Back to the main page.

# Bug 1108 - extend/replace ft_spikesimulation and add an example to the tutorial

Status | ASSIGNED |

Reported | 2011-11-03 08:16:00 +0100 |

Modified | 2013-01-15 22:10:17 +0100 |

Product: | FieldTrip |

Component: | spike |

Version: | unspecified |

Hardware: | PC |

Operating System: | Windows |

Importance: | P1 normal |

Assigned to: | Martin Vinck |

URL: | |

Tags: | |

Depends on: | |

Blocks: | |

See also: |

## Arjen Stolk - 2011-11-03 08:16:12 +0100

## Arjen Stolk - 2011-11-03 08:21:42 +0100

*** Bug 1109 has been marked as a duplicate of this bug. ***

## Robert Oostenveld - 2012-06-05 14:42:50 +0200

Martin also has code for simulating spike trains. Together we have to come up with a framework function that allows the different types of simulations to be integrated.

## Arjen Stolk - 2012-06-05 15:17:52 +0200

Created attachment 271 ft_spikesimulation

## Arjen Stolk - 2012-06-05 15:22:12 +0200

agreed the attached version can also estimate the effect of presynaptic spiketrains on the postsynaptic dendritic charge, the resulting membrane potential, and the local field potential (of multiple neurons)

## Arjen Stolk - 2012-06-05 15:23:35 +0200

(In reply to comment #4) .. and the effect of a cortical rhythm on the above ;)

## Martin Vinck - 2012-06-05 15:27:46 +0200

The flow of the function is not entirely clear to me 1) output spike rates generated according to some probability model 2) simulation of the resulting dendritic currents by taking an EPSC function (which is conventionally taken as exp(-t/tau) 3) leaky-integration > this should then be the integral of the EPSC function, an EPSP (which is conventionally taken as the alpha function t*exp(-t/tau) 4) the addition of another cortical rhythm to the resulting LFP (what is the function of that?)

## Martin Vinck - 2012-06-05 15:36:41 +0200

There are two types of functions that we could take to simulate the probability of spiking: 1) Based on a circular model. My suggestion would be to either use the cosine model function or the von mises model. The cosine function is given as pdf(tau) = (1 + k*cos(mu-phs))/2pi. The sine function you are using boils down to that in the end. The von Mises function is given as exp(k*cos(mu-phs))/2*pi*Bessel0(k) The cosine function is analytically very tractable and corresponds to the Taylor expansion of the von Mises around k = 0. With resultant length equal to k/2. So the resultant length of the distribution can then be easily controlled. The cosine model may not the best model for high phase concentrations as the von Mises distribution occurs more naturally for many applications for similar reasons as the Gaussian in the linear case. This model has been used e.g. in Vinck et al. (2011, Journal of Computational Neuroscience). --> As there is only one frequency here, it will cause an unrealistic peak in the spike-LFP locking spectrum. It's therefore better to create a mixture of the PDF or create some variation in the ongoing frequency. 2) Based on band pass filtered (Gaussian) white noise. In this case we can refer to Zeitler et al. (2006) who have created models of spiking probability and also given the analytic dependence of the spike-field coherence for a Poisson process. The disadvantage of this model is that the probability can not be easily controlled since the firing rate needs to be non-negative > since it's white noise any negative value can occur in theory.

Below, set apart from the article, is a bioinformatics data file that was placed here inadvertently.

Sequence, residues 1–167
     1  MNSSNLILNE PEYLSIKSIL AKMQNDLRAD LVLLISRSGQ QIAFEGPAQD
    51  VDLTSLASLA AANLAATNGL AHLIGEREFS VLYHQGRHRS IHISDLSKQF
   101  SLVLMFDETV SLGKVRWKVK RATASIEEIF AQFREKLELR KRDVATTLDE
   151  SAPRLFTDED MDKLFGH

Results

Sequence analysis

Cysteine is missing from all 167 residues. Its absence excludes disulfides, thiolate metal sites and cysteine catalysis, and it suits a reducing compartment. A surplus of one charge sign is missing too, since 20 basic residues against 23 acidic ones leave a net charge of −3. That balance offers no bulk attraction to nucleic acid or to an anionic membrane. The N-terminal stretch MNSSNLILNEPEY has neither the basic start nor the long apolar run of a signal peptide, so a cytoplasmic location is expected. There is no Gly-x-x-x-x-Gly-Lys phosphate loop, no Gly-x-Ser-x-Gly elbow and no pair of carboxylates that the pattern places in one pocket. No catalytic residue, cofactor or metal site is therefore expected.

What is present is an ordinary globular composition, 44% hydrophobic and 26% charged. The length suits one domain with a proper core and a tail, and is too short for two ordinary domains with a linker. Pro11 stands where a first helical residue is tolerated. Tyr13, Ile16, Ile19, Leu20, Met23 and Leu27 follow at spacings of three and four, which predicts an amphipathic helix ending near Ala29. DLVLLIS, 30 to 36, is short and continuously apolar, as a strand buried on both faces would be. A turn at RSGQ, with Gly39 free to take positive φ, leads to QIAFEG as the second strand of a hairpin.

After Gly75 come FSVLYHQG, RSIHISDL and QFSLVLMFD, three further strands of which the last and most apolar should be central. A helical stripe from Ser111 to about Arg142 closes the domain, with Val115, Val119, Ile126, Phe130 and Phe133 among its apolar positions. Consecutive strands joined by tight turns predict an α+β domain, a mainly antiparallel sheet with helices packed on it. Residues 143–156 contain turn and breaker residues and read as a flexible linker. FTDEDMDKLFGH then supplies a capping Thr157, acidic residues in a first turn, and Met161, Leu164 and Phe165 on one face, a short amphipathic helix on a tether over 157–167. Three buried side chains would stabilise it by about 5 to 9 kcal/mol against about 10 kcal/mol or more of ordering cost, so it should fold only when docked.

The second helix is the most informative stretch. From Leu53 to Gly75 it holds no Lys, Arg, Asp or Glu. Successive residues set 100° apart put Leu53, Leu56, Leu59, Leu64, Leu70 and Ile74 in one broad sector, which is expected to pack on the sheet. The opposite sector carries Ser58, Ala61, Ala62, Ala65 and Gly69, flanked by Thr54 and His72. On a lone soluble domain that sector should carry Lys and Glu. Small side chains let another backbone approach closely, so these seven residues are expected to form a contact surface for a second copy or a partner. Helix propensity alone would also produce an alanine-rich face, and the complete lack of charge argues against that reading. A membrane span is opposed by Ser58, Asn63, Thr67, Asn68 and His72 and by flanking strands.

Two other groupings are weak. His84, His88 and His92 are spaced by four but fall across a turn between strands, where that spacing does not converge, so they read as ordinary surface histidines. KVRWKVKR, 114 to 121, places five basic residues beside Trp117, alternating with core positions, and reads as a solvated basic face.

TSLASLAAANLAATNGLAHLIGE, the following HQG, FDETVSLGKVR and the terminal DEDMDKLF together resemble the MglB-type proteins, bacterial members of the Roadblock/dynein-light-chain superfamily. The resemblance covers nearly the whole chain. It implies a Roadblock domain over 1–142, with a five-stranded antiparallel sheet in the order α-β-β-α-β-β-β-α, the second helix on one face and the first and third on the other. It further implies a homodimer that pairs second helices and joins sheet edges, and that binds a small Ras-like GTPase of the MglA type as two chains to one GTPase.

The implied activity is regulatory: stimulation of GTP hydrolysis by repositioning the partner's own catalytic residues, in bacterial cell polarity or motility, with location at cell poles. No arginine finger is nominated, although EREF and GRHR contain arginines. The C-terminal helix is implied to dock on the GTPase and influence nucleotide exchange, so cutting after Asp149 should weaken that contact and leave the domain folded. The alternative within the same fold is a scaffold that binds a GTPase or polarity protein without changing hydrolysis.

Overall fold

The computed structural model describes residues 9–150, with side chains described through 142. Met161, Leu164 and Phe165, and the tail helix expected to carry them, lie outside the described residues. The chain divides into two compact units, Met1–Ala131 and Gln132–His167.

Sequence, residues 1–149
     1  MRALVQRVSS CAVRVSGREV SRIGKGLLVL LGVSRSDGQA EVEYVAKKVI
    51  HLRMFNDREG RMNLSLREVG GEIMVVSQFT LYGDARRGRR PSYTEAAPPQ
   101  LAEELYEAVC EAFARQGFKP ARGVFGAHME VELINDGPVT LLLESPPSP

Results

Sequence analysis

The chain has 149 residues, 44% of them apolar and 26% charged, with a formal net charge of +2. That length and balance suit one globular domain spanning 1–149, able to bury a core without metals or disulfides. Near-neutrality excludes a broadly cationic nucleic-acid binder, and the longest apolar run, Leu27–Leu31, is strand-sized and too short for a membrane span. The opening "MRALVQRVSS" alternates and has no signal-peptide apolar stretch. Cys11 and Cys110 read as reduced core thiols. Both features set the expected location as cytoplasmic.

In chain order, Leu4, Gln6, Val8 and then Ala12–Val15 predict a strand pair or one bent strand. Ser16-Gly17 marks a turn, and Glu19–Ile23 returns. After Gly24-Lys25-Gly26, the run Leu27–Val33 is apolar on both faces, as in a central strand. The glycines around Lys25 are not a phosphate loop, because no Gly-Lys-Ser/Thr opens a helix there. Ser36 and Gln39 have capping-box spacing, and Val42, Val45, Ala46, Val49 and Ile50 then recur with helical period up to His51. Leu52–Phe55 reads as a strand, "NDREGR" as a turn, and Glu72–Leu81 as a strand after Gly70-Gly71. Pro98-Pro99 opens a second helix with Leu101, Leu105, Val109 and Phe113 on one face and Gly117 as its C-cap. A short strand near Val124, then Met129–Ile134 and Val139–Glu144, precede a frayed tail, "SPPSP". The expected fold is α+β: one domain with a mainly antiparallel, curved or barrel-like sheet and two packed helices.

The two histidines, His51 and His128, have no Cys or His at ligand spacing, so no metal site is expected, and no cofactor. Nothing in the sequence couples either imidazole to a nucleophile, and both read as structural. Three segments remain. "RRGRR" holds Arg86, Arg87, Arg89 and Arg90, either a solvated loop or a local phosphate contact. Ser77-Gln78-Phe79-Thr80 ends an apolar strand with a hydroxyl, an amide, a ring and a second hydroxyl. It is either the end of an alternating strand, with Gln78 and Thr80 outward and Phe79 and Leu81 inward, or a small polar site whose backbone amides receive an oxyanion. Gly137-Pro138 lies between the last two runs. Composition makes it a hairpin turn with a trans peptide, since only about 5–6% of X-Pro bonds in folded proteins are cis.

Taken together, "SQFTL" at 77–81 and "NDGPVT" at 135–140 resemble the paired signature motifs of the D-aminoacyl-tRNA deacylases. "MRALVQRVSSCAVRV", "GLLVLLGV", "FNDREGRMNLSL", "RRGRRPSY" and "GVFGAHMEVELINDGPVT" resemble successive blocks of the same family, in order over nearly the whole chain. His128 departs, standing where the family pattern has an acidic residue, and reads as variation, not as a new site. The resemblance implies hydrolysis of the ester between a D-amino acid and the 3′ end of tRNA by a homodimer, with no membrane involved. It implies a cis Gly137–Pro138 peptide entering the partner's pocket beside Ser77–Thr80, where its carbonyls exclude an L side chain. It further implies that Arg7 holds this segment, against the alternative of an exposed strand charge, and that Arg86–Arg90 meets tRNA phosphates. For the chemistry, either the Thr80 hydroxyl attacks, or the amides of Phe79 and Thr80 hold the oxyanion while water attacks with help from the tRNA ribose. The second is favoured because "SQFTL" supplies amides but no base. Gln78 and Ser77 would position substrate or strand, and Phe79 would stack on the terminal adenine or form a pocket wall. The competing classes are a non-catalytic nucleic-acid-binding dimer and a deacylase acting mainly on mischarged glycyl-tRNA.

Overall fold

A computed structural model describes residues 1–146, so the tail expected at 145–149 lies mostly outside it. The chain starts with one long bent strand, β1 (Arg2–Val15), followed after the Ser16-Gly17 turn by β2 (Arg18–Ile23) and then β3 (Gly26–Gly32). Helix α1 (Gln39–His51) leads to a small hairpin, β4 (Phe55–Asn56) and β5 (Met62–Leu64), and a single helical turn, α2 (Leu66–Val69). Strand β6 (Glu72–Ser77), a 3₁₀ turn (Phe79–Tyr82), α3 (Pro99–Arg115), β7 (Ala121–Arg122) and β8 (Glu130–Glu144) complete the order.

## Arjen Stolk - 2012-06-05 15:59:49 +0200

Yes, that would be the operations possible. This function was designed to simulate the influence of a cortical rhythm and spike rate of a neural population, hence the 4th implementation.

## Arjen Stolk - 2012-06-05 16:00:59 +0200

With respect to your suggestions, I'm fine with you inserting them or even replacing the coarse versions that are in there (if you think they're of added value)

## Martin Vinck - 2012-06-05 16:02:24 +0200

(In reply to comment #8) Yes, but why is that again in step 4? Isn't that implemented already in step 1 (the influence of the population rhythm on spiking activity). As the spike trains become rhythmic then, they create a rhythmic membrane potential / LFP.

## Martin Vinck - 2012-06-07 07:29:38 +0200

In fact, the ft_spikedensity function already allows to convolve spike-trains with an alpha function (for examples, see test_ft_spikedensity) and would return what you call the 'membrane potential' trial-per-trial. It would be easy to add the exponential kernel so that after simulating the spikes you only have to call ft_spikedensity twice.

## Arjen Stolk - 2012-06-07 09:13:43 +0200

Ok. I'm starting to lose overview of the functions. Will you document how to use the different steps? In case it's there already, sorry for my ignorance. :)

## Arjen Stolk - 2012-07-18 10:20:15 +0200

Any luck here?